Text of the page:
A day out in the field can be one full of tests for both you and your dog. For months you have prepared for this season; from training to ensuring your dog has the correct nutrition. What could possibly go wrong?
Unfortunately, out in the countryside, there are some things that are just out of your control and put your dog at risk of illness or injury. From tick bites to electric shocks, the dangers are there and we, at Skinner’s, want to help you feel be prepared for these scenarios.
Last year Skinner’s joined forces with Dr Victoria Strong BVSc BSc (Hons) DVetMed MRCVS to produce our very own First Aid Booklet. This handy A5 reference guide has been designed for anyone who owns, walks or works dogs and would like to know how to administer canine first aid should the need arise.
We hope your dog never becomes injured or unwell whilst doing what they do best, but here’s our top tips for what to do should the unexpected happen.
- Whatever the situation, remember to stay calm.
- If veterinary treatment is required, phone ahead and tell your vet you are coming.
- If you find a tick, it is very important to remove it straight away using a specially designed tick hook (not tweezers) to ensure proper removal. Never try to apply chemicals or burn off the tick. Alternatively, visit a vet.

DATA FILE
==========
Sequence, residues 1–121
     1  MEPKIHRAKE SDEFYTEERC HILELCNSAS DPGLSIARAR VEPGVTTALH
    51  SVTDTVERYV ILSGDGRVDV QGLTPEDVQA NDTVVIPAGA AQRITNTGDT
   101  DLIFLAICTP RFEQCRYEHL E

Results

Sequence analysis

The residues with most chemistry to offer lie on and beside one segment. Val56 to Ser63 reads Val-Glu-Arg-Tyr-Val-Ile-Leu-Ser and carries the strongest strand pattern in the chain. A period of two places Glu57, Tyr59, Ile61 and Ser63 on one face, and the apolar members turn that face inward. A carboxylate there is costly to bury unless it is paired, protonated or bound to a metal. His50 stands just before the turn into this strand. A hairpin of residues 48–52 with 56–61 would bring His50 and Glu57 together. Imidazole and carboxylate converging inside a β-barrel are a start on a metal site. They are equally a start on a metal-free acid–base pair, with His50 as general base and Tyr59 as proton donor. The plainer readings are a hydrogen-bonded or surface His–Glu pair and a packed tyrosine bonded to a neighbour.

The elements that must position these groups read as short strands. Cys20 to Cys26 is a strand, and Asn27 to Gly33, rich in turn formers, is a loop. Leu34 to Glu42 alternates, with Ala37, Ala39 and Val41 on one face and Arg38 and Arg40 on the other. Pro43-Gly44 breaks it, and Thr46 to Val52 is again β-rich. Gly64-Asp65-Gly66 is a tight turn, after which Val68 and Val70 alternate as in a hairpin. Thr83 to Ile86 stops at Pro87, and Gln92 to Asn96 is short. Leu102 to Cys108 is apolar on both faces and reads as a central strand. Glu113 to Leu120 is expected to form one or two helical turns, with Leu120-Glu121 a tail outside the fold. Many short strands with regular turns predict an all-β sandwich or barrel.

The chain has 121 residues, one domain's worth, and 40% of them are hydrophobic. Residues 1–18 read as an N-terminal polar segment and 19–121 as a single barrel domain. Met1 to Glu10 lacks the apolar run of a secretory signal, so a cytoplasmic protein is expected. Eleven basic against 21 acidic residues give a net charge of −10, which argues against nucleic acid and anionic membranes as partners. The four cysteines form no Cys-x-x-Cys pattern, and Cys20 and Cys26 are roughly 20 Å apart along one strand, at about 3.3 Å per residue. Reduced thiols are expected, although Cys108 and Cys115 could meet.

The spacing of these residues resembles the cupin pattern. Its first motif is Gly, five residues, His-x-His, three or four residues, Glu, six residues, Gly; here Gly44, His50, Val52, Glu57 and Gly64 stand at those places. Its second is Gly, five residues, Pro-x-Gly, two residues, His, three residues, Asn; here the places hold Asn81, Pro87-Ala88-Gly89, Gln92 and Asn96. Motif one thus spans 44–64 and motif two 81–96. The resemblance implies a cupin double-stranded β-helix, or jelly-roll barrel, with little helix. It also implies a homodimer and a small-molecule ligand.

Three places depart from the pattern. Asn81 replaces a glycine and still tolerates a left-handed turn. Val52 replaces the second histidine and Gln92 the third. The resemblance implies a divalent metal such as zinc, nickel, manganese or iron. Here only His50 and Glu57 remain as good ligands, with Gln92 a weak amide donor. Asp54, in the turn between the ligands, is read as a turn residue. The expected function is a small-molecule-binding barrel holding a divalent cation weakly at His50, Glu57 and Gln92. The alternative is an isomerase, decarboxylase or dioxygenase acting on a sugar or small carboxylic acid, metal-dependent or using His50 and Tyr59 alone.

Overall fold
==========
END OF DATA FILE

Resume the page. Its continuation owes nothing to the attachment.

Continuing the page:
- In the case of injury, minimize your dog’s movement whilst keeping them warm and calm.
- If you are suspicious your dog has received an injury to their back, take particular care when moving them. It’s recommended to transfer them onto a hard, flat surface (e.g. a parcel shelf from your car) before lifting.If your dog has a bandage, don’t let the dressing get wet. Cover it with a plastic bag if going outside, but remove this when back indoors.
- Complications due to incidents such as electric shock or near drowning can be delayed. If your dog experiences a near miss, it is important that you get them checked over by a vet, even if they seem fine.
Handle your dog regularly. Running your hands over your dog and carrying out a visual health check on a regular basis will get your dog used to being handled. This will make things easier should you need to inspect a cut or remove a tick.
We also recommend that you invest in a First Aid Kit specifically produced with working dogs in mind. Our First Aid booklet features Dr Victoria Strong’s Working Dog first aid kit which can be purchased here: www.drvictoriastrong.com/shop
Please note, the information contained in the article and the Skinner’s First Aid Booklet is not a substitute for veterinary advice or intervention. Its purpose is to equip dog owners and handlers with the knowledge and skills needed to preserve life, minimise suffering and maximise the chances of recovery, until veterinary attention is available.